I dimly remember an interview with the goalie of a team who had been beaten 22-0 in an early round of the FA cup. He was still furious as he was convinced that the 17th goal was offside.

It's quite fun to watch small clubs and even pub sides play soccer. There tend to be all sorts (and body types) on the field. You'll invariably see a couple of older players who rely on their reading of the game and on good execution of the basics to run the game. You'll also get the younger players trying to be fancy. I once played for a business houses team over a period of years. I was slotted into goal, and over the years the older heads tended to drift back to become defenders. It was a joy to see them parlay all of their experience into a strategy whereby the relied in getting into the right place before their speedier opponents.

The internal dynamics in an amateur soccer team are quite intricate. I remember once making a reflex save which drew gasps from the opposition. In the bar after the match, my captain (and full-back) approached. I expected some congratulations. Instead, he lambasted me. "WTF were you doing there in the first place?", he asked me - before buying me a pint.

I'll always stop for a while if I see a match taking place in the park. I'll cover the kids' ears, though!
 

Bill E Bunter

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I always loved playing soccer. Still kickabout on a Wednesday night astroturf with a bunch of lads aged from 42 upwards. I'm at the top end of the age scale too. But hard to beat a "real" game on a full pitch no matter what the level.
I was a very ordinary right full who moved to centre back as I got older, slower and heavier!
But when working in Dublin played loads of games in internal business tournaments and was always put in goal on account of being the "culchie who played gah"! It was a bit of craic being in goal too. I might have missed my calling!
 

CatullusV

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I always loved playing soccer. Still kickabout on a Wednesday night astroturf with a bunch of lads aged from 42 upwards. I'm at the top end of the age scale too. But hard to beat a "real" game on a full pitch no matter what the level.
I was a very ordinary right full who moved to centre back as I got older, slower and heavier!
But when working in Dublin played loads of games in internal business tournaments and was always put in goal on account of being the "culchie who played gah"! It was a bit of craic being in goal too. I might have missed my calling!
Arthur Conan Doyle, through Sherlock Holmes, opined that amateur sport was one of the great institutions in society. The root of the word "amateur" is, of course, the Latin word "amo", meaning "I love". I've seen over many decades many players and organisers demonstrationg that love for a sport in the most practical ways: coaching young players; pulling on the Marigolds and getting their arm around the S-bend unblocking a stubborn loo; cutting grass and marking pitches.

There is an army of them out there. Their value to the community is very often underrated.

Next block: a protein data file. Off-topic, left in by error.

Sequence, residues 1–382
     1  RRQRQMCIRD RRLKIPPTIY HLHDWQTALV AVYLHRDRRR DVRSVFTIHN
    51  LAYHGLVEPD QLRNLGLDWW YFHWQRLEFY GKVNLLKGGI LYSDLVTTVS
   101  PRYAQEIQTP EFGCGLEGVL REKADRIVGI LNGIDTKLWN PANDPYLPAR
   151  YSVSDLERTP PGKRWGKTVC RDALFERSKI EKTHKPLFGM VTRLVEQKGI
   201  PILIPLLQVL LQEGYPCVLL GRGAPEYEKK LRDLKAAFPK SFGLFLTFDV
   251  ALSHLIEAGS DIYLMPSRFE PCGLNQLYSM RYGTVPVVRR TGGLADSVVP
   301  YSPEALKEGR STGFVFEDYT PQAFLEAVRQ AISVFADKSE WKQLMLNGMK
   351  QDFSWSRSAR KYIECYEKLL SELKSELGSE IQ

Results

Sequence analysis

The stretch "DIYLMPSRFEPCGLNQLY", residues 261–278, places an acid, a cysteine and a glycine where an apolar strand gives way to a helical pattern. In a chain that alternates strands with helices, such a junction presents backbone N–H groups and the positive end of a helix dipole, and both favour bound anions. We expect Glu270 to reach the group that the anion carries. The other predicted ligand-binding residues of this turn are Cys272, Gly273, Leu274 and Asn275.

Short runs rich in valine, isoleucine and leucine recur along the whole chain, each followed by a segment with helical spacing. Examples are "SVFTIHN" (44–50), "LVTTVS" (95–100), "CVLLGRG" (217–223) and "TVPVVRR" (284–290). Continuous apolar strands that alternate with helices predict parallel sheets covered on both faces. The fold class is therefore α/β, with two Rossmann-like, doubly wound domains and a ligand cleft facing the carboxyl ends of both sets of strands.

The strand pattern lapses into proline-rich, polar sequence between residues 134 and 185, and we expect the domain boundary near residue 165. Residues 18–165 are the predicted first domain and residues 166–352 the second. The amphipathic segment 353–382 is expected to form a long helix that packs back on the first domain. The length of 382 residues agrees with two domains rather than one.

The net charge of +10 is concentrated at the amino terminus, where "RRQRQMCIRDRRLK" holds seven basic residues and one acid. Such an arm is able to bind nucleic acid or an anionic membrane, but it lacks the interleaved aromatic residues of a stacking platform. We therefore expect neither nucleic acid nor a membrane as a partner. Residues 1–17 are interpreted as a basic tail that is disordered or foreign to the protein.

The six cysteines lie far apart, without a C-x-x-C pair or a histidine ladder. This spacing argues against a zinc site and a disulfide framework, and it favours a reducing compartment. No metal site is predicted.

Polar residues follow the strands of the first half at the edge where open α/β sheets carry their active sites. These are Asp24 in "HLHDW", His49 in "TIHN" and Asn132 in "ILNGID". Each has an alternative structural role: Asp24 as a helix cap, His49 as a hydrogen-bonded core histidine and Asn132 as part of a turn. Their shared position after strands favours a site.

automaticforthepeople

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If you've ever been to Fort William you'll understand why they aren't too good at the old footie.
The place is surrounded by mountains, you can hardly put a pitch down on the ground as it's not flat.

By the way their back four are brutal and the midfield is no better. The forwards couldn't kick snow of the mountains, not even near by Ben Nevis.
 

Glenshane4

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I know the Highlands well.

I think they (The Fort) have more than a few Cammanachd cups under their belt

It's shinty country
I once attended a shinty final in Fort William. Kingussie hammered Newtownmore. Probably in June 1997.

P.S. In Scottish Gaelic, Fort William is called "Garrison." I am a mine of totally useless information.
 

Round tower

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Speaking of Scottish football teams I've always loved the name 'Stenhousemuir'.
A team that plays in the Mayo junior league is called Ballyvary Blue Bombers

Also their was a club who played for years called Hollister FC, nothing to do these day with the manufacturing company, they for a couple of seasons, played 25 + games , won - 0, drew - 0, conceded 150/200 goals, scored not more thna 20 goals. In the present season and last season they have changed tstyle, unlucky not to get promotion and unbeaten this season so far.
 

crossman

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Was it Billy Connolly who said that vistors to Arbroath were always shocked to see that it wasn't called "Arbroath Nil"?

I dimly remember an interview with the goalie of a team who had been beaten 22-0 in an early round of the FA cup. He was still furious as he was convinced that the 17th goal was offside.

It's quite fun to watch small clubs and even pub sides play soccer. There tend to be all sorts (and body types) on the field. You'll invariably see a couple of older players who rely on their reading of the game and on good execution of the basics to run the game. You'll also get the younger players trying to be fancy. I once played for a business houses team over a period of years. I was slotted into goal, and over the years the older heads tended to drift back to become defenders. It was a joy to see them parlay all of their experience into a strategy whereby the relied in getting into the right place before their speedier opponents.

The internal dynamics in an amateur soccer team are quite intricate. I remember once making a reflex save which drew gasps from the opposition. In the bar after the match, my captain (and full-back) approached. I expected some congratulations. Instead, he lambasted me. "WTF were you doing there in the first place?", he asked me - before buying me a pint.

I'll always stop for a while if I see a match taking place in the park. I'll cover the kids' ears, though!
I remember playing in a summer league against a side who persuaded a professional home on holidays to play for them. He didn't dare get injured so he just strolled around at the back but still completely dominated with interceptions and accurate passes. It was an education.